I also sent questions about Milost’s seeming change in strategy to seeking investments in publicly-listed entities instead of private ones hitherto to Mr Freeman. These went unanswered, however. The litigation against a Nigerian newpaper that Mr Freeman refers to relates to a series of articles by BusinessDay, a Nigerian business daily. (Disclosure: The author of this article is a columnist for BusinessDay.) In its article of 28 March 2018, BusinessDay asserts various analysts believed Milost was engaged in a “classic pump and dump strategy…in the stock market”. In that article, BusinessDay quotes a source at Unity Bank that Milost put pressure on them to sign an equity subscription agreement but that the bank “resisted and never signed any agreement whatsoever”. I asked Frank Aigbogun, publisher & chief executive of BusinessDay in Nigeria about any litigation against the newspaper or any of its journalists by Milost. In response in late August, Mr Aigbogun said “I am aware their lawyer wrote to BusinessDay threatening a lawsuit but cannot recall we got any court papers in this regard. I will check.”
Similar controversy trails Milost in South Africa. In July 2018, the Johannesburg Stock Exchange (JSE) suspended trading in the shares of WG Wearne, a building materials supplier, and Visual International Holdings, a real estate company. The move followed the failure of the companies to file their provisional financial statements within the stipulated period. According to Business Report, a South African online publication, both companies “entered into debt-funding agreements with…Milost Global which they claimed were not fulfilled.” For WG Wearne, Milost “committed to invest up to R300 million” via an equity subscription agreement entered into in October 2017 but terminated in May 2018 by WG Wearne, according to Business Report. Had the financing arrangement gone ahead, there would not have been a need for WG Wearne to recapitalise and hence be late to submit its financial statements to the JSE. For Visual International, the company revealed in June 2018 that Milost Global failed “to pay the claw-back subscriptions of R10.23m in line with the new terms of a debt-financing agreement published in May to recapitalise the company”, according to Business Report. Has Milost had any successes then? Milost Global Inc and Isilo Capital Partners (launched by Milost in November 2017 to raise $5 billion for African transactions) took over Primewaterview Holdings Nigeria Limited and appointed Isilo Capital chief executive Tiny Diswai as chairman in January 2018. In response to questions about the current status of the Primewaterview acquisition, Mr Freeman replied thus on 29 August 2018: “No comments on Primewaterview can be made for the same reason I mentioned in my email on 20th August.” The Primewaterview transaction happened under a different chief executive then at Milost called Mandla Gwadiso. Kim Freeman took over as CEO in February 2018.
An analysis of the curriculum vitae of Mr Freeman suggests Milost is probably funded from proceeds of mining. Considering how opaque the mining industry can sometimes be, with a lot of transactions under the shroud of secrecy, it is likely that Milost is an investment vehicle for the preservation and growth of capital from the firm’s mining activities or those of its capital providers. Although the firm’s website does not reveal much, an examination of Mr Freeman’s CV on LinkedIn suggests Milost probably started out as a mining investment firm or at least maintains mining interests. Mr Freeman replied to my email for confirmation of this supposition on 29 August 2018 as follows: “Despite my mining background, Milost Global’s origins were not in mining but covered all sectors.” Still, before becoming CEO of Milost Global Inc, Mr Freeman was managing director for mining at the firm from August 2017 to February 2018, after which he became CEO. His CV on LinkedIn also shows stints at RioZim in Zimbabwe as chief operating officer between April 2014 and August 2015. Mr Freeman also worked at Platinum Australia Limited between January 2010 and June 2011. Thereafter, he had a 4-month stint (February 2012-May 2012) with Mintails SA (Pty) Ltd in South Africa. According to the CV, Mr Freeman started his mining career as a graduate mining engineer at Roan Consolidated Mines in Mufulira, Zambia in October 1974. After two years there, he went on to become an inspector of explosives at the Department of Energy, Mines and Resources of Canada between September 1977 and July 1980. Thereafter, Mr Freeman became a mine manager at O’okiep Copper Company in Namaqualand, South Africa between September 1980 and January 1986. From there, he proceeded to De Beers Consolidated Mines Limited as mine superintendent between May 1987 and October 1990. Subsequently, Mr Freeman had a stint with Debswana Diamond Company as Assistant General Manager at its Jwaneg mine between October 1990 and January 1996. Other stints were as vice president (operations) at SouthernEra Resources Limited in Canada and South Africa and chief operating officer with Hindalco Industries Limited between April 2005 and July 2006, responsible for the firm’s copper mining operations in Australia and that for bauxite in India. Judging from his antecedents therefore, Mr Freeman is well known in mining circles. And this is also likely the case for Milost.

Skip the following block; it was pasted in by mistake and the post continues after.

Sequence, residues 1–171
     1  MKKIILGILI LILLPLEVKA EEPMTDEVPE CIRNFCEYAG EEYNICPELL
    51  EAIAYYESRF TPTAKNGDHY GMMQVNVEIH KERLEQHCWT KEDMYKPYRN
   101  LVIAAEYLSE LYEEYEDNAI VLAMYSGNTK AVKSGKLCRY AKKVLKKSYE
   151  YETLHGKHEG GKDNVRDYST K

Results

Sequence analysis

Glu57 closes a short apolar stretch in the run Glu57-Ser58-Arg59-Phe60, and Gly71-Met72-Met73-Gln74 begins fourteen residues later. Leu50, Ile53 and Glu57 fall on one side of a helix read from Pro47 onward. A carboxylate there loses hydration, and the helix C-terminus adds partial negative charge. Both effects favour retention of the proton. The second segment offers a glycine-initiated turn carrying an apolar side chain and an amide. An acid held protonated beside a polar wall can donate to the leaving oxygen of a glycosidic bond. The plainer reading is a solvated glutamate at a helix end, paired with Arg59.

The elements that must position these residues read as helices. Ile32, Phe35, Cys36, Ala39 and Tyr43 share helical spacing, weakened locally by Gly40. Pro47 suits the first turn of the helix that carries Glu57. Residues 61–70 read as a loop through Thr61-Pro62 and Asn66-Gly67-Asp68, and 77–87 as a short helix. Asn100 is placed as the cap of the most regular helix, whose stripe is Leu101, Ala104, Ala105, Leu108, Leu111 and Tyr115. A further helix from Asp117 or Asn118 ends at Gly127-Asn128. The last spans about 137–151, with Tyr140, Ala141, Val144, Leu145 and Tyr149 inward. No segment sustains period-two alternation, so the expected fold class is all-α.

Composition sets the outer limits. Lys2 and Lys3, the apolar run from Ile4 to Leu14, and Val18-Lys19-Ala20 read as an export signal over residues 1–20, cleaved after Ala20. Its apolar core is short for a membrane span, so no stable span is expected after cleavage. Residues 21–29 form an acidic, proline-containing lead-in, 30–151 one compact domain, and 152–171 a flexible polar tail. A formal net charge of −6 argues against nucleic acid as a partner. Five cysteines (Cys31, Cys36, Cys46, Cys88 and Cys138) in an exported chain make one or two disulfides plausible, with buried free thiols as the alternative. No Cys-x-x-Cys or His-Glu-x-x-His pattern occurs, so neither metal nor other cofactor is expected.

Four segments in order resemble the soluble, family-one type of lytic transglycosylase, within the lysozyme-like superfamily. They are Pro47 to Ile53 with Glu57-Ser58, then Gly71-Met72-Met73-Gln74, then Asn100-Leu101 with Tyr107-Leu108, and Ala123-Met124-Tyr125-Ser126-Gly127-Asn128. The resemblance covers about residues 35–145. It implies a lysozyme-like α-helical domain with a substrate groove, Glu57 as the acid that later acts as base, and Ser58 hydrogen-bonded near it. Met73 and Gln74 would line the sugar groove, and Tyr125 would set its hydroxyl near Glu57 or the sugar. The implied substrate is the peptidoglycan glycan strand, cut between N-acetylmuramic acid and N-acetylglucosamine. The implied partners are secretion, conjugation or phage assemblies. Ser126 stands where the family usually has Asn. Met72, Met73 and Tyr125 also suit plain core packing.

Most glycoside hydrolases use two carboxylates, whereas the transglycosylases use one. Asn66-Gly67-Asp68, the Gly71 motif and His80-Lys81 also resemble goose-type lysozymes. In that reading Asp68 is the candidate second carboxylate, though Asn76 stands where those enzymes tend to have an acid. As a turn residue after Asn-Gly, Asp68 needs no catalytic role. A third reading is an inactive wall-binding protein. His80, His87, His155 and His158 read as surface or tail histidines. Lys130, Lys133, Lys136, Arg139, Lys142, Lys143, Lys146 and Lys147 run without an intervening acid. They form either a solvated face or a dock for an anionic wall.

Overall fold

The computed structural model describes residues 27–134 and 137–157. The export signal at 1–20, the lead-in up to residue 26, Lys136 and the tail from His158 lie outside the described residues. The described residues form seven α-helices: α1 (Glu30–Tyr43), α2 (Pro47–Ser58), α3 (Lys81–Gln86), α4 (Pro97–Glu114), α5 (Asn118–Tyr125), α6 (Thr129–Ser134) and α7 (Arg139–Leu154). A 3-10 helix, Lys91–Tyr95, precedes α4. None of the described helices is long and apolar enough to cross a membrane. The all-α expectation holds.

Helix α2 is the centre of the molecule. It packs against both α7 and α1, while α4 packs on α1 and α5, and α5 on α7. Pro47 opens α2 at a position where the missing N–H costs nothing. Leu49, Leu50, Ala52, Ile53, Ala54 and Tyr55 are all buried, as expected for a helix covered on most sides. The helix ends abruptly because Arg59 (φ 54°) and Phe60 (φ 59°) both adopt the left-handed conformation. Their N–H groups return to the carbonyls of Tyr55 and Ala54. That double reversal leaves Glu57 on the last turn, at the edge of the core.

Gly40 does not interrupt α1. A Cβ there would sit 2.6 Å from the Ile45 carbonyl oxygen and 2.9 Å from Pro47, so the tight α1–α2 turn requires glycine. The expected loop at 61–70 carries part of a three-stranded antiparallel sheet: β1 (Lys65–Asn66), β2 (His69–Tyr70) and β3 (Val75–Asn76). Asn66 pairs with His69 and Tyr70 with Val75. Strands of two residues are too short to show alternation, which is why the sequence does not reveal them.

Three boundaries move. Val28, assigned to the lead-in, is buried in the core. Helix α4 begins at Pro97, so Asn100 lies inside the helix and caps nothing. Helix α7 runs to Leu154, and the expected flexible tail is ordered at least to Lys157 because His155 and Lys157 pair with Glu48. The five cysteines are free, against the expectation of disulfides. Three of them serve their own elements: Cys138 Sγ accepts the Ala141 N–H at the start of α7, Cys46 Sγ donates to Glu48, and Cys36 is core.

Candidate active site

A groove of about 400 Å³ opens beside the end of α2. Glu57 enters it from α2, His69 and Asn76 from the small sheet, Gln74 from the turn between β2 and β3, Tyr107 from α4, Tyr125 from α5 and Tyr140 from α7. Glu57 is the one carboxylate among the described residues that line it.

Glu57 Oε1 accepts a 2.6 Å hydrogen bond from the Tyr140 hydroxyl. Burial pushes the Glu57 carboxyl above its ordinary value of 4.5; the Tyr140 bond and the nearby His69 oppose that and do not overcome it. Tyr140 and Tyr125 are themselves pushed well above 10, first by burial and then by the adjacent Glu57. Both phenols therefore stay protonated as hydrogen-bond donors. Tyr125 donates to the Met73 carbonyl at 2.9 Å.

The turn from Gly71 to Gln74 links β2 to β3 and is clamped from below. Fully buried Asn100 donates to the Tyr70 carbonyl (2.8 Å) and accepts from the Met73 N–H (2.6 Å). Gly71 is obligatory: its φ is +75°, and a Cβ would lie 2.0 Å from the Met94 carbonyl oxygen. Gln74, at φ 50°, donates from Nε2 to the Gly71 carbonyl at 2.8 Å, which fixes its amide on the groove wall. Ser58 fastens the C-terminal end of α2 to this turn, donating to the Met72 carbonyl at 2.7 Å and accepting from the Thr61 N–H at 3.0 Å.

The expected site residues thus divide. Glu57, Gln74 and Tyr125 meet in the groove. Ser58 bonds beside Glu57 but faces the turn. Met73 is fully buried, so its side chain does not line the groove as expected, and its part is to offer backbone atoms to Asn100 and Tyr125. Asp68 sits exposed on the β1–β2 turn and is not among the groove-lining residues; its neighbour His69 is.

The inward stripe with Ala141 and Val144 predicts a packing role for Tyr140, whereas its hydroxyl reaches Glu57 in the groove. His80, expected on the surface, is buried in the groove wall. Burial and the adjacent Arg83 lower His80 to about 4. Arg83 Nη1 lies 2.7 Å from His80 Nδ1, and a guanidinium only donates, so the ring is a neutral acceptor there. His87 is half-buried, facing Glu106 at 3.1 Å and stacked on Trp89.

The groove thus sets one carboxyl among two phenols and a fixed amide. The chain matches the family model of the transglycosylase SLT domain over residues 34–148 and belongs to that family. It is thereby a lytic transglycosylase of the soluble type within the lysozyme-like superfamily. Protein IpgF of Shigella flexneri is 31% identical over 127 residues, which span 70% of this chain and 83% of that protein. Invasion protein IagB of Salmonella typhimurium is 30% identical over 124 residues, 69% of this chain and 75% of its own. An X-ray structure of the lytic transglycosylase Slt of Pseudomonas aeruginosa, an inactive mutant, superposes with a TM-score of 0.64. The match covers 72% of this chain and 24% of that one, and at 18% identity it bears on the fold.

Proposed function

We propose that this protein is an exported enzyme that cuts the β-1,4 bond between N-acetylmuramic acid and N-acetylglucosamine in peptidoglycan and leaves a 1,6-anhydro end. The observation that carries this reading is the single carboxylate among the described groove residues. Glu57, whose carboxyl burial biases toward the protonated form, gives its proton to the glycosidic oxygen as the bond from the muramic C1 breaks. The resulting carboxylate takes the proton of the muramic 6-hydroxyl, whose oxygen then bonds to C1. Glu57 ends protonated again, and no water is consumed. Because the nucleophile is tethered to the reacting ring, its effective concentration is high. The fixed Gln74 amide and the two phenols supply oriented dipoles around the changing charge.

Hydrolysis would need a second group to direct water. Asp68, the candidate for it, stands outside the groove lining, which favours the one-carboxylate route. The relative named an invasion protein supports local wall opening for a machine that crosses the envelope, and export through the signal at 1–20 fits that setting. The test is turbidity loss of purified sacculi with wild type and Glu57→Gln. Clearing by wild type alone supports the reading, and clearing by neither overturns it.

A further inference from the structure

Show your hands
What can be discerned for certain is that Milost has some capital that it wants to invest. How much capital it has cannot be verified, however. And a desire for US listing for its investee companies is likely to ensure that it is able to exit its investments with ease. Accusations that it might not really be interested in adding value to its investee companies but to strip them for profit may have some basis. But that is not a crime. After all, private equity firms are primarily interested in getting return on their capital. It certainly would help if Milost were to present a more transparent profile. If it indeed entered into a binding commitment with Unity Bank, for instance, it could make them public. It could also sue Unity Bank for breaches if indeed that were the case. By not doing so thus far, to my knowledge at least, suggests Unity Bank may indeed not have entered into anything binding with Milost. But these suppositions would be needless if Milost were more transparent. For it certainly cannot want to invest in high profile companies and perhaps move their listings outside of their local jurisdictions without expecting some level of scrutiny. Besides, did Milost register with Nigeria’s SEC and other relevant regulatory agencies like other foreign investment and private equity firms operating or investing in Nigeria do? If as Milost says, it plans to continue seeking investment opportunities in Nigeria and elsewhere in the West African region, it behoves it to come clean about its source of capital, its motivations and activities.